The ABCs of the PDF: G-I

Veering away from XPS this week, I’ve got the next posting in the ABCs series for you. It’s been a while, but here it is. This week, it’s about the history, the mechanics and the product. A little vague? What does this have to do with the PDF?, you ask. Read on.


From creation to manipulation and accessibility to view-ability, the GUI’s function is crucial to working with PDFs. Yet have you ever wondered about the history behind the interface you use? The first rough idea of a GUI was conceived of by American engineer, Vannevar Bush (1890-1974) in the early 1930s. In his essay “As We May Think,” published in 1945, Bush describes a device he called the “Memex” that would transform physical gestures into technical commands. A user could call up and display multiple “book” files on a desktop screen and jump through pages of content with the movement of one’s hand. Yet, it was only theorized about until Douglas Engelbart (1925-2013),  inspired by Bush’s idea, decided to develop and implement the idea into a prototype. In 1968, the first working GUI was demonstrated.

The first marketable GUI using computer was invented by Xerox PARC in 1973 with the Xerox Alto computer. It was further enhanced by Apple’s revolutionary Apple Lisa PC ten years later in 1983. And by the 1990’s, the GUI of Microsoft’s Windows OS improved the functioning of the GUI into the one you know today. Of course, the interface has also been developed and used by a number of individual computer companies over the years, and it has come a long way in terms of looks and usage.

The goal for the GUI nowadays is to provide the most functionality within the least amount of space. And Adobe Reader 8 is just one example in its simplicity. Perhaps in the future our PDF viewers will do away with the GUI altogether, and use virtual reality as a way of “handling” PDF documents!

Hash Function

So far, we’ve made it so that electronic docs would be an easy way of storing and recording data. In addition, it prevents data from being physically lost or stolen– invisible and intangible until opened and printed. Yet, that also means that security has transferred from playing a physical role to a digital one. And just as you need a sense of security when physically locking doors, you also need it when securing electronic documents.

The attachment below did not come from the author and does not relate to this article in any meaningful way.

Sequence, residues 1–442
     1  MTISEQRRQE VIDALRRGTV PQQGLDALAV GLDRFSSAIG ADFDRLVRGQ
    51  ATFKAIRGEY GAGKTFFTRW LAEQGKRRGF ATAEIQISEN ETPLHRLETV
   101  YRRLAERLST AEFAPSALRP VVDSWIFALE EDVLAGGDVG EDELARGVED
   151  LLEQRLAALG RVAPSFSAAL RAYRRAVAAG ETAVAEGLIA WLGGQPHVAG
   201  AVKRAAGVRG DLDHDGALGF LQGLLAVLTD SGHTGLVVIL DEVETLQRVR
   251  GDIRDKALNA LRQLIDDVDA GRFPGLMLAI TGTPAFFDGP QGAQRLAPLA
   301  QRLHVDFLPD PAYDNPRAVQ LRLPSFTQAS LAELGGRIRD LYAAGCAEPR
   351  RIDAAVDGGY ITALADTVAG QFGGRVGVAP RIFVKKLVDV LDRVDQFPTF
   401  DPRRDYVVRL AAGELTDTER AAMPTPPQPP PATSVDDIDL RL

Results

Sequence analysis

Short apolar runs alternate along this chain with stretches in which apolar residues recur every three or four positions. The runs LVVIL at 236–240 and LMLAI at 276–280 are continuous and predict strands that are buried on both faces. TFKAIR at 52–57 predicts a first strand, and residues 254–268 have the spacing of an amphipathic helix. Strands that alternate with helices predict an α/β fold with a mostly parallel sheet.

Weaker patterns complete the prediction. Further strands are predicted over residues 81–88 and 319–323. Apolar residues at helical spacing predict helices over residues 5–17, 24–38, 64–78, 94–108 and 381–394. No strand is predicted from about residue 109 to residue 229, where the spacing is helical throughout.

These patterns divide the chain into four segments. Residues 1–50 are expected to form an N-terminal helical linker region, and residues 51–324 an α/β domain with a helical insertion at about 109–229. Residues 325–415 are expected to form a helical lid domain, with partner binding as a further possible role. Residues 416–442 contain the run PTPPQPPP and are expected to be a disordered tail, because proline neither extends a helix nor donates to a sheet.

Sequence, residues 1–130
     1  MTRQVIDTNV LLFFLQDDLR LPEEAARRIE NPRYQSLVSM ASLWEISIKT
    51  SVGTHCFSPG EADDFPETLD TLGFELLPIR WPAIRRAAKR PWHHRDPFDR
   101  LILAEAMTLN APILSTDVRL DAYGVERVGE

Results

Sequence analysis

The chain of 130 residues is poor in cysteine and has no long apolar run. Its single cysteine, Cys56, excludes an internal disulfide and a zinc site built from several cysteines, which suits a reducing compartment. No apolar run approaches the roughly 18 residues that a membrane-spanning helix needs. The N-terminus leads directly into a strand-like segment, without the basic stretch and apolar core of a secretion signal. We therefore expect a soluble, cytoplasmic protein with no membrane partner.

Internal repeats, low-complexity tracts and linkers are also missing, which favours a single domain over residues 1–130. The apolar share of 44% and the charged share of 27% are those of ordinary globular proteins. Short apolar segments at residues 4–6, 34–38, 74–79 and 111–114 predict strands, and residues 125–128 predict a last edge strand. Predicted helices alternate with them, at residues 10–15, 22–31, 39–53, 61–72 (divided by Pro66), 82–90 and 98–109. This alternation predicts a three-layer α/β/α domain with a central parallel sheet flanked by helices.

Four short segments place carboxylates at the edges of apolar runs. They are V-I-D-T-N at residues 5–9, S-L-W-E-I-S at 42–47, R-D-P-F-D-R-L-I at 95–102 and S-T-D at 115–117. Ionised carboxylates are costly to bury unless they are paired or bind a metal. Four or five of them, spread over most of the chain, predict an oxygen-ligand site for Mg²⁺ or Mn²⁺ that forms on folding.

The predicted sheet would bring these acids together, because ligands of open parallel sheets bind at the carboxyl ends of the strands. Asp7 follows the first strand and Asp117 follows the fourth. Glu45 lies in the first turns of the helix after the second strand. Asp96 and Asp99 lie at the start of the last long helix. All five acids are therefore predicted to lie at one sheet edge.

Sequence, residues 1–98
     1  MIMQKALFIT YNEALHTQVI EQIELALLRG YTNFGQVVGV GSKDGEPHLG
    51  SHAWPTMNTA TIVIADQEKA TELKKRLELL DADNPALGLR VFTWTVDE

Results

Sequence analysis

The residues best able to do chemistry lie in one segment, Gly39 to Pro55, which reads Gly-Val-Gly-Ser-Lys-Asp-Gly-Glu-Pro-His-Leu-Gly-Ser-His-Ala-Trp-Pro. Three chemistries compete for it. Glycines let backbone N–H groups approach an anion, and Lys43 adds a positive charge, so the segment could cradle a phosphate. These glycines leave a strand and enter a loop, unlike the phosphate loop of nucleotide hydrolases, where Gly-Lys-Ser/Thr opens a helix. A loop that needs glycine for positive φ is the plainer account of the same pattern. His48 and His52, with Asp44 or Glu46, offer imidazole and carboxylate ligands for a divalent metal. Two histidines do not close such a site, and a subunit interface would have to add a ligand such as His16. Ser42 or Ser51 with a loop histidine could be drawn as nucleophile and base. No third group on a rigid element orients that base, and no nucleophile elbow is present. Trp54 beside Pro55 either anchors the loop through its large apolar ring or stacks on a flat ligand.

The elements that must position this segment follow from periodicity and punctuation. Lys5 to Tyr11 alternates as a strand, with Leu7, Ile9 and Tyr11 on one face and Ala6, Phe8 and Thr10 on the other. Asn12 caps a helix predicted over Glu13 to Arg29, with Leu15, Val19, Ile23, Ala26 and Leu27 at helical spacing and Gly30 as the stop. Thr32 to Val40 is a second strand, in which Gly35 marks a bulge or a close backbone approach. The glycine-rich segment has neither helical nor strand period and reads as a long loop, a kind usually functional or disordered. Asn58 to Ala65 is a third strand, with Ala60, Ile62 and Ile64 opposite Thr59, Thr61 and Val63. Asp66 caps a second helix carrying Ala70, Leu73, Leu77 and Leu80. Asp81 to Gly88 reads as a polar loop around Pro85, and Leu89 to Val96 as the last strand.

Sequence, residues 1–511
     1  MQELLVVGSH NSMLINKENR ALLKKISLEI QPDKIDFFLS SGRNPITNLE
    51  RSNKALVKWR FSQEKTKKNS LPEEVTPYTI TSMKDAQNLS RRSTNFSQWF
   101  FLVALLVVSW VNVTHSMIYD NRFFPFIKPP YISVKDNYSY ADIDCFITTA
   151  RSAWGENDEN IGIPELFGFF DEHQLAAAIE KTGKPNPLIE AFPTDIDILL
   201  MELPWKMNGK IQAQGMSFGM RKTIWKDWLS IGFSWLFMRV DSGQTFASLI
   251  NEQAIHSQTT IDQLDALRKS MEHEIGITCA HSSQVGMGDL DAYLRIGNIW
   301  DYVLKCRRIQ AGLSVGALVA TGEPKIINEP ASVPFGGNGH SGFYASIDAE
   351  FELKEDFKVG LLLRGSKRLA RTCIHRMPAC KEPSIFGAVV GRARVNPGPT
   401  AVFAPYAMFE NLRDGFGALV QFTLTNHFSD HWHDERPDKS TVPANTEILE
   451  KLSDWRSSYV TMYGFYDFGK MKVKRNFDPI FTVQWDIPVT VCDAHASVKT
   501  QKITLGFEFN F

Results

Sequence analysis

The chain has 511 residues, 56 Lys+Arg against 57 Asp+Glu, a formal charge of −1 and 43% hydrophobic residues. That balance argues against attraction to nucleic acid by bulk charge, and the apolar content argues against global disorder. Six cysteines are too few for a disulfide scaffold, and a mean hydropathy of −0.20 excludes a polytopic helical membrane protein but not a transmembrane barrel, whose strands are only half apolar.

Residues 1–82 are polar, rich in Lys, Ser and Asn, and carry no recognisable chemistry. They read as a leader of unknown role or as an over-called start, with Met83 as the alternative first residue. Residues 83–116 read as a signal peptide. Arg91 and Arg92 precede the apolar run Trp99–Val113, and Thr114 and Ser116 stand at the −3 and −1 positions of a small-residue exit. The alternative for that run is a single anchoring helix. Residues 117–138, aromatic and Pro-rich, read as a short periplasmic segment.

You already know that information security is important to the PDF and can be done with the click of a mouse. Yet, one of the things behind that simple move is something called a Hash function . Hash functions or algorithms play a role in creating a digital signature which you’ve undoubtedly used in the past to secure your PDFs. It is that digital signature which is made up of a hash and encryption key.

A textual message or document is made into a smaller data version of itself through a “hashing” process. When this happens, the content of the message is encoded, using a hash function. The hashed version of the message is called a message digest, which is, in turn, encrypted with the author’s private key. The resulting encryption of the message digest is the digital signature that you attach to the original PDF Document. All of this is done behind that one deceptive click.

And although the term “hash” may seem a funny word to refer to a security/encryption element, according to definition sources, it caught on in the 1960’s because it described the way in which hashing algorithms work—they “chop and mix” up the data being secured.


The ever changing nature of the electronic world is not a new concept. Software and gadgets continually evolve within the fast paced environment of technological innovation. And Investintech has also been caught up in that forward momentum with the recent release of Sonic PDF Creator v.2.0. And, with its more-advanced-than-v.1.2 features (support for more formats, document toolkits and formatting capabilities), you can now create better PDF documents than you did before.

Of course, we’ll aim to surpass this 2.0 version in the future as well and continue to push the PDF creation envelope. It’s just a matter of checking in frequently to see what new creation features we’ll have in store!

‘Til next time. Stay tuned!

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